Design: Explorations II
28 July 2016
For this set of design iterations, I wanted to focus more on one specific function of graphics: processing information. When optimized for processing information, a graphic, must be memorizable for comparison and comprehensive for choices (Bertin, 1983).
First I chose one variable, Intensity, and wanted to see what it would look like if I used my own Emotion tracking for the last two months.
If we think about the way we talk about emotions, and it makes sense, we find that we believe emotions are within us. Thus, that we (our bodies) are containers of emotion. When we have an Intense Emotion, we talk about it in this way. We can’t contain our excitement or joy. We want to shake our depression or rid ourselves of pain. We are bursting with happiness.
For this reason, I wanted show each day as a container, and the fuller this container became, the more Intense the Emotion represented was.
I quickly digitized the container as a square and used the following scale:
And so my Emotions from 09 June to 26 July:
Small group of annotated days:
Emotions are complex. From a visualisation with a focus on only variable, this idea comes through much clearer. Above, the major Emotion(s) experienced that day are listed first, then the secondary Emotions that were experienced to a lesser degree are listed.
In both the third and fifth container, Anticipation was experienced but in the third to a lesser Intensity than the fifth. In this case the types of Anticipation came from two separate stimuli. In the third, the 20th of June, I had arrived in Iceland and it was the first day of exploring the unknown. In the fifth, the 23rd of June, I was to run the Midnight Sun Half Marathon that evening. The Anticipation of physical exertion, of which I am already familiar with, was much stronger in Intensity than that of wandering around a new city.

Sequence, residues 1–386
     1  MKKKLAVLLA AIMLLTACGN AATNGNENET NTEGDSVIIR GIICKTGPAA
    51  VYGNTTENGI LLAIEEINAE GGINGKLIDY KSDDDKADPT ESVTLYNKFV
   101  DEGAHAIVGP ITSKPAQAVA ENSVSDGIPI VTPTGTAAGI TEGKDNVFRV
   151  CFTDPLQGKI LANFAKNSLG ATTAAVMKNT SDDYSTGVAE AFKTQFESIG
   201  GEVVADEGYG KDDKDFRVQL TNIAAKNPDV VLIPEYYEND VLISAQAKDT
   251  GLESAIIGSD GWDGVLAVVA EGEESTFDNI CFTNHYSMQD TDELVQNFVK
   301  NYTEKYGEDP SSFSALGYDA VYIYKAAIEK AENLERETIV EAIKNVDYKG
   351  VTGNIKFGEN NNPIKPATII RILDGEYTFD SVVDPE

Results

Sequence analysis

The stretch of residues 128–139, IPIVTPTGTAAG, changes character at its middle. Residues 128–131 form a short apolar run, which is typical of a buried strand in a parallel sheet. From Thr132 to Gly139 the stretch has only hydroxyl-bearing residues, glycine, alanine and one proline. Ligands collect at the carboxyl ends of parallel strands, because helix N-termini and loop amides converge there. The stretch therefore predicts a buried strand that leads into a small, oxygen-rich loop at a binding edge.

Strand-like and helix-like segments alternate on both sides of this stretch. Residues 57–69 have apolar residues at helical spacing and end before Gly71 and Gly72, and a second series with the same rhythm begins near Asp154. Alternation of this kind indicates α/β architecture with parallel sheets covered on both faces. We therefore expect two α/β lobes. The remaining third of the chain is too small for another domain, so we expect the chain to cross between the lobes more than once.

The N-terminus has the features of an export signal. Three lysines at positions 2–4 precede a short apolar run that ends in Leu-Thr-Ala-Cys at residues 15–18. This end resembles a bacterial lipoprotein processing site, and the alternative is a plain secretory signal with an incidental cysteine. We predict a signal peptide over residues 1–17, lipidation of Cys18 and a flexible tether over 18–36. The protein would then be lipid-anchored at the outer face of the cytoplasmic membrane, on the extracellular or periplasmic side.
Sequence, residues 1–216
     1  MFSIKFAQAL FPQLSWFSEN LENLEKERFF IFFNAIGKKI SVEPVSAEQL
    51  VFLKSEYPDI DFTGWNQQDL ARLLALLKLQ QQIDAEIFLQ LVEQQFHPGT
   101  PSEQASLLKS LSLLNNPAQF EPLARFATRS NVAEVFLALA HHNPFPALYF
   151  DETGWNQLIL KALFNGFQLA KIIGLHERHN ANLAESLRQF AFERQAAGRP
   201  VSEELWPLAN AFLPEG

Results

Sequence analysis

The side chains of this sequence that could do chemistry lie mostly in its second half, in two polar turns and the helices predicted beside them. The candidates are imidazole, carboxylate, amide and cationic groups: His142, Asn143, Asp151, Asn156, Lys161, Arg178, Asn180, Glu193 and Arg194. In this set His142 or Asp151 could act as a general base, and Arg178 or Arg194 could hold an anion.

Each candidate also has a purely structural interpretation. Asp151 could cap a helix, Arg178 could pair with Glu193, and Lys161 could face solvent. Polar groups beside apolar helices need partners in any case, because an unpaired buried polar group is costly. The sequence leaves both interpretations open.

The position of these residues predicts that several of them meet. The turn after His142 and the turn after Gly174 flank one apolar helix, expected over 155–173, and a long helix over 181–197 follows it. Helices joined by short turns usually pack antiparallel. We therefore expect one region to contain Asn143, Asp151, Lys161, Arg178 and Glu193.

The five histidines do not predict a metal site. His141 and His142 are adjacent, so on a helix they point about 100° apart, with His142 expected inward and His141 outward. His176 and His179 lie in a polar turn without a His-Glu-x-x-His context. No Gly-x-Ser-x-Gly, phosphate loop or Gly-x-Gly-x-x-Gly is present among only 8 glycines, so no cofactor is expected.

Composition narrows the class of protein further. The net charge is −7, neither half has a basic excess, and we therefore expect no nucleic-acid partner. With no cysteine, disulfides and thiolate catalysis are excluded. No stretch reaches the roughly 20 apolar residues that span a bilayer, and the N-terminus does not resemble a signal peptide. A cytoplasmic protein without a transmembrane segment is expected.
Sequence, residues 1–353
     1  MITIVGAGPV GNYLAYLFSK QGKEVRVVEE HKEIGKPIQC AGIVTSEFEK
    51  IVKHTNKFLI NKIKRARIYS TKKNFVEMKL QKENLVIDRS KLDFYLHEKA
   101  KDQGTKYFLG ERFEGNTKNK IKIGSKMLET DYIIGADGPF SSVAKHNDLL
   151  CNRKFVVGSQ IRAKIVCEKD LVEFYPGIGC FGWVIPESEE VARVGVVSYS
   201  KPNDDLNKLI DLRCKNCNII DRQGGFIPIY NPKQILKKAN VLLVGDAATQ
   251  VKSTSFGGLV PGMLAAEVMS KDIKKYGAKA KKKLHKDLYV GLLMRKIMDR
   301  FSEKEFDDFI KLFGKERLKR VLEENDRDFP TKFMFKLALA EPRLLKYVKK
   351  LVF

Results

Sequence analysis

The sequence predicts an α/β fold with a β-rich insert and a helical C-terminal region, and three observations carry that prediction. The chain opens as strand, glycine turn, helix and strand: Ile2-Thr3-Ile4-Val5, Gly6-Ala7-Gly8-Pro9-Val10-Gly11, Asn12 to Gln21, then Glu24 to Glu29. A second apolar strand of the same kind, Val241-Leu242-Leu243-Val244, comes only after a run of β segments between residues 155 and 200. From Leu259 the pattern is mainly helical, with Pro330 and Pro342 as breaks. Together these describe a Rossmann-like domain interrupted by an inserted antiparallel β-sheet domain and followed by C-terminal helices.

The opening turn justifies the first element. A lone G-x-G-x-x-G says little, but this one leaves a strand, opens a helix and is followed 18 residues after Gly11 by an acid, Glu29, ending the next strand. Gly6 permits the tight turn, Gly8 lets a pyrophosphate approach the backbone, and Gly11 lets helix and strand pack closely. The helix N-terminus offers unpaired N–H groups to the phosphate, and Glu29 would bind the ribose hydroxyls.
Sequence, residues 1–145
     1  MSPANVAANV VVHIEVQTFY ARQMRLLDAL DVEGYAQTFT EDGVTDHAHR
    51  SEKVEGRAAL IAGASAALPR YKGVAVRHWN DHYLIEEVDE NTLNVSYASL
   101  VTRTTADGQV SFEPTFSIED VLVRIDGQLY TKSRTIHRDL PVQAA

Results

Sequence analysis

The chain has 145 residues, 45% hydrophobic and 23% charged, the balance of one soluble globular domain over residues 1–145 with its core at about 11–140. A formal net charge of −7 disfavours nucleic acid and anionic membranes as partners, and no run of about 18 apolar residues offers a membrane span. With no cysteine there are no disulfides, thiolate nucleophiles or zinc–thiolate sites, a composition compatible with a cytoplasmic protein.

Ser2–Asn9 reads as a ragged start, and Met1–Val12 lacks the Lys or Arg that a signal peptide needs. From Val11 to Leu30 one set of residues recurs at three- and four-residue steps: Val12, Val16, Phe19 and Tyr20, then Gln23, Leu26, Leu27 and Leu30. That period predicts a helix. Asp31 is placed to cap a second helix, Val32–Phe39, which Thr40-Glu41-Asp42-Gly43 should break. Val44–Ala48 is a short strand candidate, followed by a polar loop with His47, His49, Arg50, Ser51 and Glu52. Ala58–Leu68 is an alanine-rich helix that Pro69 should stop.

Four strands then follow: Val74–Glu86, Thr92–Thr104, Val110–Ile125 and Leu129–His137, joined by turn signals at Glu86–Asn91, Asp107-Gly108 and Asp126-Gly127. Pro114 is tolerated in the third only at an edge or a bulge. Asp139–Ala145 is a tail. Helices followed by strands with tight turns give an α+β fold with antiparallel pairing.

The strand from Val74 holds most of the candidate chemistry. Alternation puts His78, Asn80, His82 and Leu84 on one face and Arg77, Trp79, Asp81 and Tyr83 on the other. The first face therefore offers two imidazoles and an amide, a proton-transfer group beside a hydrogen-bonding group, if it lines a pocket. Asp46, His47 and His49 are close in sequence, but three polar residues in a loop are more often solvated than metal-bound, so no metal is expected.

I also iterated this exploration further by taking only the Intensity recording, allowing it to determine the volume of the container, and placing it on an x axis. And so we have the simplest chart form: the Bar Chart.
Or bordering on a geometric Stream Graph, which seemed nicer to see Intensity, and Emotion, as an on-going fluctuation:
The second iteration brings in texture to represent Arousal as a variable. The increase of lines as a way to “crowd the space” attempts a minimalistic reflection of the chemicals flying around when we become aroused by a stimulus.
Here, the weeks are displayed in columns - the third week being the least Intense and only coincidentally the least Aroused:
And here, a breakdown of the days to see if there could be a pattern in just three weeks of data:
The last iteration was perhaps a half step back to the most basic bar chart:
Above, the x axis measures the Intensity of the Emotion, while the y axis measures the Emotion’s Controllability. Therefore, the thicker the bar, the more Intense the Emotion and the higher, the more Control I felt I had, should I have wanted to alter the course of the Emotional process.
The x and y axises could be swapped, or other variables could be substituted in (Conduciveness and Arousal). However, here I wanted to begin to think about how metaphor can help make a visual system for Emotions - something conceptual, so unquantifiable - more measurable.
Intensity as Quantity: This metaphor is in play when we say something like “I care about him a lot.” A lot, being the amount of Care that the person is doing. The more Care someone has, the more Intense they feel about something/someone.
Control as Up: This metaphor is reflected in such phrases as “I am on top of the situation,” “He ranks above me,” “I have control over him,” and “He is the low man on the totem pole.” Here we see that strength (as a victor being on top, or leader in score) and status (being the top executive, top of the food chain) means have the control in a situation.
Here part of the data digitized. The texture variable from Arousal can also be added on top to the Control variable: